Its messages, materials, and assessment activities are explicit and strategic as to eligibility requirements and program expectations and designed to support both participants and referral providers. Providing this clarity at the start of the program helps many young people successfully complete their training and prepares others who may return to the program at a later time, once their lives have stabilized to the point where they can follow through on their initial motivation.
AYW applies the same level of clarity and transparency to its assessments and designs these activities to support participants and referral providers. Assessments are not designed to screen out candidates but rather to help staff learn what services will most likely promote youth success and inform best-fit career tracks.
Programs should clearly articulate expectations for participation, such as self-management, persistence skills, and other success requirements.
Pre-apprenticeship programs should clearly articulate self-management, persistence skills, and any other non-academic or technical skills required for success in the program. Staff can deliver and reinforce clear and consistent messages as to the importance of study skills, time management, independent study, collaboration and teamwork, taking initiative, asking for help, and being self-aware. One strategy is to help opportunity youth recognize what these skills, behaviors, and attitudes look like, with concrete examples. Staff should also be realistic and specific about how much content participants will need to learn, the pace of the work, and what they’ll need to produce and achieve during what can be a fast-moving, shorter term pre-apprenticeship program.
Programs should clearly articulate requirements for successful transition from the pre-apprenticeship program to at least one specific apprenticeship program, including skills, credentials, and other aspects that ensure access to stable employment.
Pre-apprenticeships are the first step in a longer career pathway within an occupation and industry sector. The best programs explain upfront how the pre-apprenticeship training will serve as the foundation for continuing career advancement within an occupation and across occupational pathways. Beyond that, high-quality programs are explicit and intentional in helping opportunity youth understand the specific workplace skills, attitudes, and habits required of an occupation. This includes understanding the extent to which employers require flexibility of an employee’s work schedule or work location. Identifying and flagging these requirements ahead of time gives opportunity youth the information they need to be properly prepared for apprenticeship and to identify their best path after completing their pre-apprenticeship training.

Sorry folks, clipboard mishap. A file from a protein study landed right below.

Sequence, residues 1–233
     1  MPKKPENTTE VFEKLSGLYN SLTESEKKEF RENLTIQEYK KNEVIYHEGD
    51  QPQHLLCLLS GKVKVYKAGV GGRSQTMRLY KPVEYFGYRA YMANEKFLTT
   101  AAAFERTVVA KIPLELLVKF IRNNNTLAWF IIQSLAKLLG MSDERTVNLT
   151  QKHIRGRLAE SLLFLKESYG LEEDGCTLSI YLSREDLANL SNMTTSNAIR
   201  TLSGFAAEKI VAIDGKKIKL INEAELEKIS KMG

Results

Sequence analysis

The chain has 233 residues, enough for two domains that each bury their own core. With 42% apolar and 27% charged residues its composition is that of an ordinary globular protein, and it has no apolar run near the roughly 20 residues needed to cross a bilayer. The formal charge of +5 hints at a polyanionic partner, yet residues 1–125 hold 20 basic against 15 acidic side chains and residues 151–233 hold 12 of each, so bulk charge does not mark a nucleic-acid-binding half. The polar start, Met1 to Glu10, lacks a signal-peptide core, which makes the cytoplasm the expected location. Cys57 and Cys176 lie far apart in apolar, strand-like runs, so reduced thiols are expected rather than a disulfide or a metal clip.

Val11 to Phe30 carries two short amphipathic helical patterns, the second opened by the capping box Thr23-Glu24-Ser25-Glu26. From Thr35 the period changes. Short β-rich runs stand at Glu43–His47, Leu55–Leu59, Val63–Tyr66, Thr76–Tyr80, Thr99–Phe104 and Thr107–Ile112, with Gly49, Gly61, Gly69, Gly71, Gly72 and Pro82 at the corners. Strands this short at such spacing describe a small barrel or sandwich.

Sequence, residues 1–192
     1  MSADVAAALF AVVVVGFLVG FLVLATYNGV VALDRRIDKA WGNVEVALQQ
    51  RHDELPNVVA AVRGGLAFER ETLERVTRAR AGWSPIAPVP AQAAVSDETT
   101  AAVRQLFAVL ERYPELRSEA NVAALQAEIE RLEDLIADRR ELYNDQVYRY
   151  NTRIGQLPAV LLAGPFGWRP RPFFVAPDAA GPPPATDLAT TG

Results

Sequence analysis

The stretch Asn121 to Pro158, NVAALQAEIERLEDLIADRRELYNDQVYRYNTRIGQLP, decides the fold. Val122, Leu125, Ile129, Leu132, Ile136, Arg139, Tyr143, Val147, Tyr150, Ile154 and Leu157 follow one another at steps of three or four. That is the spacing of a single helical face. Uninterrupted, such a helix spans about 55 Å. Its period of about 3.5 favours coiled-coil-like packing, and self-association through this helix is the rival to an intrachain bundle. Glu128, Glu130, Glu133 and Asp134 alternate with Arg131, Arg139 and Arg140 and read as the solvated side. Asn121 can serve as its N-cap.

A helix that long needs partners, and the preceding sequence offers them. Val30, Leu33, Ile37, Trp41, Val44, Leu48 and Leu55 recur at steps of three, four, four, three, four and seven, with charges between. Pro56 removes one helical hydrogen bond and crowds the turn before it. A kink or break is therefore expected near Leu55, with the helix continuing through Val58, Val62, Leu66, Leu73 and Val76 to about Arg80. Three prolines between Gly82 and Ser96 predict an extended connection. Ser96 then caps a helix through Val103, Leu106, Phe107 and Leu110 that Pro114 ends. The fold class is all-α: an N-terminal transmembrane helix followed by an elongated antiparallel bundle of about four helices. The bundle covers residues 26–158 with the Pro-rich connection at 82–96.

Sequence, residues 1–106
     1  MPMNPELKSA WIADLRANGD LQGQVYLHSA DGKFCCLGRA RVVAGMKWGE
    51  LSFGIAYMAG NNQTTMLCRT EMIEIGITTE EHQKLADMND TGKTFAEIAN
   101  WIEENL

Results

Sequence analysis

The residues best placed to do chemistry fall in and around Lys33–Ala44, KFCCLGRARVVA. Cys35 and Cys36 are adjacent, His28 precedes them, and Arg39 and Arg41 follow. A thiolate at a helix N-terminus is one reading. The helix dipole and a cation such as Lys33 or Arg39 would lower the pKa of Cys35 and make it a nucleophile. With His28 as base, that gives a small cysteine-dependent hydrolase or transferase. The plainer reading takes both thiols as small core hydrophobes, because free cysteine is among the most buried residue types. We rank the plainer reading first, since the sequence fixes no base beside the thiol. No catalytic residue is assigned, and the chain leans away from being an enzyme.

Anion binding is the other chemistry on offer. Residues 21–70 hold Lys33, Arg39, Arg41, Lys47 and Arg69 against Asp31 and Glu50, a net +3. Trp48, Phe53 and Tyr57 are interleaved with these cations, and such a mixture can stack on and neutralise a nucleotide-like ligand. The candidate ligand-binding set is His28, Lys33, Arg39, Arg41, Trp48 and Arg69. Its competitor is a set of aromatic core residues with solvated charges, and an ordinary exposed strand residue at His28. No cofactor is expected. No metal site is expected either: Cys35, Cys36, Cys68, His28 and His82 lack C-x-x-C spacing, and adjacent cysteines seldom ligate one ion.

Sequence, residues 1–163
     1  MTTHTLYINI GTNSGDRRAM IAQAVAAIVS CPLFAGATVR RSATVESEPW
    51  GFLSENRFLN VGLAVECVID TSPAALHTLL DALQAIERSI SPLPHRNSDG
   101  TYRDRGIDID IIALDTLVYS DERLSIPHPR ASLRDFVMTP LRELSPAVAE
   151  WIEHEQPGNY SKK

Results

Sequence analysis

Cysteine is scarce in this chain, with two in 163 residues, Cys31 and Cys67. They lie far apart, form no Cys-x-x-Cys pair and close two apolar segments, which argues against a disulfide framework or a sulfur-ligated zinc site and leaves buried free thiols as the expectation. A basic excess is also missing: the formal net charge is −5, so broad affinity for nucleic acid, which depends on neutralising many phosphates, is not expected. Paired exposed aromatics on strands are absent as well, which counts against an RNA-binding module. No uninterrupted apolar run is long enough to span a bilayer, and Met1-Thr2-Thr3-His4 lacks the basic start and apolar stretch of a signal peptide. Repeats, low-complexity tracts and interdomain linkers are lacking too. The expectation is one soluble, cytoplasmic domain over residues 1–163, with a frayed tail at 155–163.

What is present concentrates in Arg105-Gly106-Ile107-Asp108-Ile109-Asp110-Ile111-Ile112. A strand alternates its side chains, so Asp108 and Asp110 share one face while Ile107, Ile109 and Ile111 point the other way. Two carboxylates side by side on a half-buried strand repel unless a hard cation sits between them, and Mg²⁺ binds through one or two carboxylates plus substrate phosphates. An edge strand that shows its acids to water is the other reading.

High-quality programs identify and flag requirements, such as the need for certain physical capabilities (such as lifting heavy boxes) or the absence of specific criminal convictions, that cannot reasonably be overcome through program supports.
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Given the over-representation of young people, and in particular young people of color and those from low-income families or communities, in the criminal justice system, programs may need to identify any barriers to being hired in occupations and industries that the pre-apprenticeship connects to. Programs should not only identify these barriers but help participants understand what they mean for their long-term goals and help them pivot to a different occupational area if they are likely to be locked out of employment. Programs should support participants by helping them understand how past convictions and incarceration may impact their access to different career pathways, and by providing guidance around how to discuss these barriers in job interviews. When possible, programs should also take steps to remove these barriers by working with employers, workforce and community-based partners, and the legal system.
Pre-apprenticeship programs should also clearly identify and flag any physical requirements of the pre-apprenticeship training, and of the pathways connected to that training. This includes assessing a young person’s level of comfort with the physical requirements of a job and helping them determine if that occupation is the best fit. JFF also recommends that when and where possible programs provide accommodations to ensure that all young people can fully participate in training. The Job Accommodation Network (JAN) is a free and expert resource on job accommodations and disability employment issues that programs can leverage to support this work. Programs should also work with Registered Apprenticeship sponsors to add or ease accessibility by removing as many of these barriers to participation as possible.